Pursuant to N.J. Stat. § 30:4-123.58 any denial of parole by a Board panel will, in accordance with criteria established by the Board, be appealable to the full Board by the inmate or one acting on the inmate’s behalf.  If appealed, the full Board should decide the appeal except that any Board member who participated in the decision from which the appeal is taken may not participate in the disposition of that appeal.  The Board should serve written notice on all parties providing the decision, the particular reasons for the decision, and the facts relied on.

N.J. Stat. § 30:4-123.58 provides that the Board can upon its own initiative and for good cause, in a timely manner, review the decision of any hearing officer, Board member, or Board panel and take appropriate action.

Pursuant to N.J. Stat. § 30:4-123.60 any parolee who has seriously or persistently violated the conditions of his/her parole can have his/her parole revoked and can be returned to custody.  The Board should be notified immediately upon the arrest or indictment of a parolee or upon the filing of charges that the parolee committed an act which, if committed by an adult, would constitute a crime.  The Board should not revoke parole on the basis of new charges which have not resulted in a disposition at the trial level except that upon application by the prosecuting authority, the Juvenile Justice Commission when the chairman determines that the new charges against the parolee are of a serious nature and it appears that the parolee otherwise poses a danger to the public safety.  In such cases, a parolee should be informed that, if s/he testifies at the revocation proceedings, his/her testimony and the evidence derived should not be used against him/her in a subsequent criminal prosecution or delinquency adjudication.  Any parolee who is convicted of a crime or adjudicated delinquent for an act which, if committed by an adult, would constitute a crime, committed while on parole will have his/her parole revoked and will be returned to custody unless the parolee demonstrates, by clear and convincing evidence at a hearing that good cause exists why s/he should not be returned to confinement[ii].

N.J. Stat. § 30:4-123.61 provides that if the parole officer assigned to supervise a parolee has probable cause to believe that the parolee has violated a condition of his/her parole, such violation not being a basis for return to custody the officer can require that the parolee appear before a designated representative of the Board for a review of the parolee’s adjustment.  If the Board’s designated representative finds that a parolee has violated a condition of his/her parole, such violation not being a basis for return to custody, the designated representative will subject the parolee to one or both of the actions.  A parolee or the parolee’s assigned parole officer should apply to the Board’s designated representative for modification of the conditions of parole.  Any action to modify the conditions of parole and any forfeiture of commutation time credits can be appealable to the appropriate Board panel, which may take appropriate action but need not conduct a hearing[iii].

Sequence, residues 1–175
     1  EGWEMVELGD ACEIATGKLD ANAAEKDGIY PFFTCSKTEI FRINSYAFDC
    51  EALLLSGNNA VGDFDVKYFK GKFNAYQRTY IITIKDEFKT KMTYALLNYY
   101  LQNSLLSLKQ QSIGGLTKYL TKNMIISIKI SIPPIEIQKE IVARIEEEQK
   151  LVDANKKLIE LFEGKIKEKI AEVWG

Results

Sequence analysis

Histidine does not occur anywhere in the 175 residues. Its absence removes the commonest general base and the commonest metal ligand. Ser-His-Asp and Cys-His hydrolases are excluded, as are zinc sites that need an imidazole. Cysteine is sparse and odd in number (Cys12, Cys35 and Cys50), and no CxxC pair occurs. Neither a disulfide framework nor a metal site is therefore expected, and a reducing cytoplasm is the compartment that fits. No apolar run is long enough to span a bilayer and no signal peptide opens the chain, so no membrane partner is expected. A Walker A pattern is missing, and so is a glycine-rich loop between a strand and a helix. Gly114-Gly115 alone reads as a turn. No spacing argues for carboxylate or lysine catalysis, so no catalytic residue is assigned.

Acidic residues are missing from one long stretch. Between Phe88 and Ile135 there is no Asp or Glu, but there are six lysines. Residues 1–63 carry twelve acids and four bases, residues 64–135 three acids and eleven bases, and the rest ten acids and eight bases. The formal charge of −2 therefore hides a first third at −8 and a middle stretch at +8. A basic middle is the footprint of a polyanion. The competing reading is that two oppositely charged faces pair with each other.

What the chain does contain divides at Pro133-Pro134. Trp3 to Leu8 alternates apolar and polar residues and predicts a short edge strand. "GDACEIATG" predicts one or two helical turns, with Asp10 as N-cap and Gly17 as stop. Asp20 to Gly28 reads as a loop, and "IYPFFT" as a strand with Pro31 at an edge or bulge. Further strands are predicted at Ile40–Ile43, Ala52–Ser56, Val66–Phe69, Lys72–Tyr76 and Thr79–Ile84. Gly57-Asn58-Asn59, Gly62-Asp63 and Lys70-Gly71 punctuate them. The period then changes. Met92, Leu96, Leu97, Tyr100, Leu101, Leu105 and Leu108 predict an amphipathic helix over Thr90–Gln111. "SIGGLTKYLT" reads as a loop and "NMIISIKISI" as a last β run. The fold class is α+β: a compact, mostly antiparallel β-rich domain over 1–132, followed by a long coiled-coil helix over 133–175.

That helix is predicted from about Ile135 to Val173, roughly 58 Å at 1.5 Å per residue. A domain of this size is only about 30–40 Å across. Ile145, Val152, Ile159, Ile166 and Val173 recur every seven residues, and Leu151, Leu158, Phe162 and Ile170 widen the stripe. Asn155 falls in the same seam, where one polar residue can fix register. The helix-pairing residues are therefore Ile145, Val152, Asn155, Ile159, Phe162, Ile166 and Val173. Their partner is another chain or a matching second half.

N.J. Stat. § 30:4-123.76 provides that any inmate released who violates the conditions of parole will be required to serve in custody a term equal to twice the period by which parole was accelerated by virtue of a declaration of a correctional facilities overcrowding state of emergency and will not be eligible for any future acceleration.

Pardon

N.J. Stat. § 2A:167-3.1 provides that the Governor will report to the Legislature each reprieve, pardon, and commutation granted, stating the name of the convicted person, the crime for which the person was convicted, the sentence imposed, its date, the date of the pardon, reprieve or commutation and the reasons for granting same.  Pursuant to N.J. Const., Art. V, Sec. II, Para. 1, the Governor can grant pardons and reprieves in all cases other than impeachment and treason, and can suspend and remit fines and forfeitures.  A commission or other body can be established by law to aid and advice the Governor in the exercise of executive clemency.

New Jersey Pardon and Parole Laws

[i] N.J. Stat. § 30:4-123.51.

[ii] N.J. Stat. § 30:4-123.60.

[iii] N.J. Stat. § 30:4-123.61


Inside New Jersey Pardon and Parole Laws